Sealant puts a lid on toxicity concerns

Plasticisers continue to present challenges for brand owners packaging oily foods in glass jars. Coatings and sealants specialist Actega explained the situation to Packaging Scotland at Interpack.

SEAL danger: Plasticiser-imbued PVC can migrate into fatty foods

PLASTICISERS are a class of additives valued for the greater plasticity and fluidity with which they can imbue certain materials, particularly PVC in the case of lid seals for food jars, an area where they have been a mainstay for many years. However, some of these materials are believed to be carcinogenic, and their content in food packaging is controlled by EU Regulation 10/2011.

They’re believed to be especially problematic in fatty foods, especially ones that have been stored for an extended period. They can migrate or cause changes in the food. So the greatest concern is with things like sauces, oily fish products and pickled vegetables.
A migration limit of 10mg/dm2 is specified by the legislation, a limit controversially exceeded by most of the jars sampled in a Europe-wide study conducted last year, by the Cantonal Laboratory of Zurich and the Stuttgart Chemical and Veterinary Research Office (CVUA).

Limit breached
The study found that 30% of glass jars with fat-containing contents exceeded the limit. And in 21% of samples the excess was significant. Only 10% of products appeared to stay within the prescribed limit. The materials found in excess of the limit included ESBO, in 40 cases, and DEHT, in 23 cases.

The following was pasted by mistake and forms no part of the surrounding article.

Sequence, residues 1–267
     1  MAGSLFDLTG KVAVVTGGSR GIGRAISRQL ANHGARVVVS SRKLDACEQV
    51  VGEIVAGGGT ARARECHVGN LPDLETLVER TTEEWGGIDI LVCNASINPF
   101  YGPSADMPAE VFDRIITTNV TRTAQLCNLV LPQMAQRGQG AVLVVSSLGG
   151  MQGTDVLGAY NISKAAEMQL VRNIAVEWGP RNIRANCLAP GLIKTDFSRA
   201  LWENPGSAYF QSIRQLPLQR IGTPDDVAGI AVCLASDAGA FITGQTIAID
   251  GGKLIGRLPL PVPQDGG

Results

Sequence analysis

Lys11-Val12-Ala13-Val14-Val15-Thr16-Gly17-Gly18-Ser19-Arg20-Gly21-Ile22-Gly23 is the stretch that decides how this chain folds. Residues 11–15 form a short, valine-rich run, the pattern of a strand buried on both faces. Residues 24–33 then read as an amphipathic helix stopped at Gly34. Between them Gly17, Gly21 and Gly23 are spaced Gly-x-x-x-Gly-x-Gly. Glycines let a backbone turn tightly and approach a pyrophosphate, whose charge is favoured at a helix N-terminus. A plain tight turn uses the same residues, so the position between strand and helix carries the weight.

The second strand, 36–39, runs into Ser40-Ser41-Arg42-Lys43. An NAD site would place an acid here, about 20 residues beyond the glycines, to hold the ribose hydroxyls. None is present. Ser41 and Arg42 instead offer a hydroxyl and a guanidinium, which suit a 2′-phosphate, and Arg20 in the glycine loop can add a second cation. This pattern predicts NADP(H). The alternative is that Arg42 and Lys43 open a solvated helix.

Plasticisers that come within the legislation include ESBO, PAD, AMG, ATBC, DBS, DINCH, DOTP, Pthalate and DEHA.
Actega offers a PVC and plasticiser-free closure sealant for jars, a material called Provalin, which is based on thermoplastic elastomers. According to the company, it not only provides a solution that conforms with the law, but which also anticipates future, possibly even more stringent, requirements.
So far Provalin has been used in glass jars marketed by German pasti and delicatessen supplier Feinkost Dittman. And Pano Verschluss, a German maker of capping machines and caps for containers, will have converted most of its production facility to PVC-free metal closures using the material by the end of 2015, with capacity approaching a billion closures.